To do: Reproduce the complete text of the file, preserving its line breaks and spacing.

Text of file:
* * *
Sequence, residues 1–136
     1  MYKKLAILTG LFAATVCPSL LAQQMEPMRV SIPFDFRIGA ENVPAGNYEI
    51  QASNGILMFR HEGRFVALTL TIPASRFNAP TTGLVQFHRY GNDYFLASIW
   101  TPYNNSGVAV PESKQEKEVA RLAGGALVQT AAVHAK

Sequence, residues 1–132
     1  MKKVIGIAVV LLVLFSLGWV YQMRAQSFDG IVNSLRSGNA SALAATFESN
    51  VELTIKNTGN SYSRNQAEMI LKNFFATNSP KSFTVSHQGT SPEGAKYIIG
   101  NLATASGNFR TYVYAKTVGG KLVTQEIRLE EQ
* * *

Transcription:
Sequence, residues 1–136
     1  MYKKLAILTG LFAATVCPSL LAQQMEPMRV SIPFDFRIGA ENVPAGNYEI
    51  QASNGILMFR HEGRFVALTL TIPASRFNAP TTGLVQFHRY GNDYFLASIW
   101  TPYNNSGVAV PESKQEKEVA RLAGGALVQT AAVHAK

Sequence, residues 1–132
     1  MKKVIGIAVV LLVLFSLGWV YQMRAQSFDG IVNSLRSGNA SALAATFESN
    51  VELTIKNTGN SYSRNQAEMI LKNFFATNSP KSFTVSHQGT SPEGAKYIIG
   101  NLATASGNFR TYVYAKTVGG KLVTQEIRLE EQ